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Polamalu Is Looking a Little Green

January 31, 2006|Sam Farmer and Jerry Crowe | Times Staff Writers

DETROIT — Troy Polamalu was not made available to the media Monday, saving him the embarrassment of trying to explain why a former USC All-American wore a Notre Dame jersey during a Pittsburgh Steeler practice.

Actually, it showed his teammates' depth of affection for Detroit native Jerome Bettis that Polamalu would include himself among nearly two dozen players who donned green No. 6 Notre Dame jerseys in honor of Bettis' homecoming.

"Today is Jerome Bettis Day," receiver Hines Ward said later, looking out onto a mass of reporters surrounding the Detroit native in a downtown hotel ballroom. "What better way to represent him than by wearing this Notre Dame jersey and giving him this one day? I think Jerome was pretty happy and pretty shocked that everybody was wearing his jersey. We brought him home."

The jersey salute continued a recent Steeler tradition. The Steelers also wore throwback jerseys this season in honor of Coach Bill Cowher, defensive coordinator Dick LeBeau and defensive assistants John Mitchell and Keith Butler.

"So I guess they thought that on the road back to Detroit it was only fitting to wear Jerome's Notre Dame jersey," said Bettis, who wore a Tiger jacket and cap.

Bettis vowed to stay focused.

"People say I'm not going to be able to focus because of the distractions, but there aren't really any distractions," he said. "The possible distraction would be family, but my family comes to every game anyway. If that's the case, then I'm distracted every week. So that's not really a distraction.

"I see my family every week. Sometimes they are tired of looking at me, sometimes I'm tired of looking at them. That won't be a distraction."


The Seahawks hit their share of bumps in the road this season, but nothing like the one they hit Monday.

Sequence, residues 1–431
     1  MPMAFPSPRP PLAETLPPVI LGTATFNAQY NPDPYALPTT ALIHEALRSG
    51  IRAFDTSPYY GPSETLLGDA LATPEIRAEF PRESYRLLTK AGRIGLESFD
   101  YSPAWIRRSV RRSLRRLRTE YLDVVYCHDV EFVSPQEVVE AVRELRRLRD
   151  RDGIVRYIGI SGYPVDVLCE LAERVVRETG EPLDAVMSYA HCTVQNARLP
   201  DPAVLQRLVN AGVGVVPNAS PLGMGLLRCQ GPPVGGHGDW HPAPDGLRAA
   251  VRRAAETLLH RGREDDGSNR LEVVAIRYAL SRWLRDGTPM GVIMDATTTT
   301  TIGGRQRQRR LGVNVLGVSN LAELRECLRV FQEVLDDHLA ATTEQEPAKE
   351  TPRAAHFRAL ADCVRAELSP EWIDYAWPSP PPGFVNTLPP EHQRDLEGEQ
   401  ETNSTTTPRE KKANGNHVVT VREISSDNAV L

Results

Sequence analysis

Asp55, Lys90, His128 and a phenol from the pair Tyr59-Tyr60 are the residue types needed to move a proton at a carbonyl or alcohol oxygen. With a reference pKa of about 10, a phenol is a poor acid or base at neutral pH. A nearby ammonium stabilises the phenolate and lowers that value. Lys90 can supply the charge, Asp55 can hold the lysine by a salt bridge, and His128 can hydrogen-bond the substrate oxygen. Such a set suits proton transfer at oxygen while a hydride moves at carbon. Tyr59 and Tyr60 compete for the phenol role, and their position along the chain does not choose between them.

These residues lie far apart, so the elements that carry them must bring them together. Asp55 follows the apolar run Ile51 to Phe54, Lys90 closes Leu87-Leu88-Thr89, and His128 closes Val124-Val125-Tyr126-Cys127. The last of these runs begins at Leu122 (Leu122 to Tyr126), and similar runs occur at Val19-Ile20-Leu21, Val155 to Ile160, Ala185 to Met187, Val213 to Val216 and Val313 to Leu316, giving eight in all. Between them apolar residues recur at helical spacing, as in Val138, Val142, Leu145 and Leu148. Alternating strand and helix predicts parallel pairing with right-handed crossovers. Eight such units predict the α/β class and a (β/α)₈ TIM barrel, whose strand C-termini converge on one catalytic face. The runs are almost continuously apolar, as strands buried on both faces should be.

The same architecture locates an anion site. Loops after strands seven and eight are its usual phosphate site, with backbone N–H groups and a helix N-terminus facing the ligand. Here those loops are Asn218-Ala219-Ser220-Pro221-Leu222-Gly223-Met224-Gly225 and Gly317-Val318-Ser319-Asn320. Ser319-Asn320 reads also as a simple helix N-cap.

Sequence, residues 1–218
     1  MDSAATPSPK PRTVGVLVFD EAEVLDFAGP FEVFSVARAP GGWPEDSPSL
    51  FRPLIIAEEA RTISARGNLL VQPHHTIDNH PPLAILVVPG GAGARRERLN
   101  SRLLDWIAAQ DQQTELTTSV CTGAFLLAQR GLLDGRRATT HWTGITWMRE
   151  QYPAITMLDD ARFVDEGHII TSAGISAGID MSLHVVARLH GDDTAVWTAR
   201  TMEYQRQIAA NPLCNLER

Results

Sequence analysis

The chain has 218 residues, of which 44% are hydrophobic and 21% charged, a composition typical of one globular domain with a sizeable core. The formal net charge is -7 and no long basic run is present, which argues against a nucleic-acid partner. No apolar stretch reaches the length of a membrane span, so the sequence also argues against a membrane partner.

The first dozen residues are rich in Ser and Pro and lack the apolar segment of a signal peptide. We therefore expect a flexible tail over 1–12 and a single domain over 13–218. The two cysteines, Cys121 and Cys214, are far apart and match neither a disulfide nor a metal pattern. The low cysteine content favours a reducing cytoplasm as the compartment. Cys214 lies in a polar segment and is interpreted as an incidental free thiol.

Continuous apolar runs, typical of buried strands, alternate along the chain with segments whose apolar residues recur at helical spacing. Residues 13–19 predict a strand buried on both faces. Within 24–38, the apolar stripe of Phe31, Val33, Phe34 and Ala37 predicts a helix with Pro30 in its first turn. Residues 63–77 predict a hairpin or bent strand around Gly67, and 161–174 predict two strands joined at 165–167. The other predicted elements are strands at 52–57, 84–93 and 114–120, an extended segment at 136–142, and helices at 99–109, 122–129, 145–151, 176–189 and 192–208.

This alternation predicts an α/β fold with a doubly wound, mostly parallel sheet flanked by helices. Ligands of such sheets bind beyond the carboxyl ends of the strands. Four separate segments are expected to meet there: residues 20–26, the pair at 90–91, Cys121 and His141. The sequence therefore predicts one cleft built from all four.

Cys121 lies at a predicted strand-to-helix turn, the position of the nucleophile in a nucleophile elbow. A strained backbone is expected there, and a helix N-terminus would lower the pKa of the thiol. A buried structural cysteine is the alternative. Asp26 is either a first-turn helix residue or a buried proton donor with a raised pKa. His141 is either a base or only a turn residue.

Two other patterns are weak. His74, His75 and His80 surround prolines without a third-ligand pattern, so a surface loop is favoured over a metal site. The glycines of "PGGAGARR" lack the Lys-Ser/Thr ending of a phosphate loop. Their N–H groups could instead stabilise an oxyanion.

A van carrying six of them struck a mechanical security fence at the Marriott Renaissance Center before the players were to meet with reporters. It was a low-speed collision, and no one was injured. Riding in the van were quarterback Matt Hasselbeck, running back Shaun Alexander, safety Michael Boulware, defensive tackle Chuck Darby, tackle Walter Jones and guard Steve Hutchinson.

Apparently, the van's driver tried to follow another vehicle into an area that was regulated by a fence that pops out of the ground to keep cars from entering more than one at a time.

"Crazy," Alexander said. "There was the van and the gates and all that. The first van went through, and the second van, the one we were in, we tried to go behind them and it didn't work. We all got tossed around inside a little bit. A little wake-up call for all of us."

The players were uninjured and completed their scheduled media availability.

"We are reviewing the incident and will take every appropriate precaution to ensure that it does not happen again," said Milt Ahlerich, NFL vice president of security, in a written statement.


Belying their reputation as a power-oriented team, the Steelers have turned their offense into a pass-happy, quick-striking force in the playoffs, accumulating nearly twice as many yards through the air as on the ground.

"I think we've shown that, but I don't think we feel that's who we are," guard Alan Faneca said. "We still feel like we're a smash-mouth offense and we're going to run the ball and we're going to dink and dunk [through the air]. The last couple weeks it's just happened that [the offense has opened up]."


At one point Monday, Seattle's No. 1 defense intercepted three consecutive passes by backup quarterback Seneca Wallace. "I didn't tell Seneca to throw the ball to the defense," Coach Mike Holmgren told a pool reporter with a laugh. "Sometimes you have to do that. You have to say, 'Feed them one.'

"Our defensive secondary has come together nicely. ... We weren't creating turnovers on defense for a good portion of the first half of the season, so we made it kind of a point of emphasis. And, like most things in our business, if you do that, good things happen.

"If a guy gets his hands on the ball and doesn't catch it, there is heck to pay from the rest of the guys on the defense."

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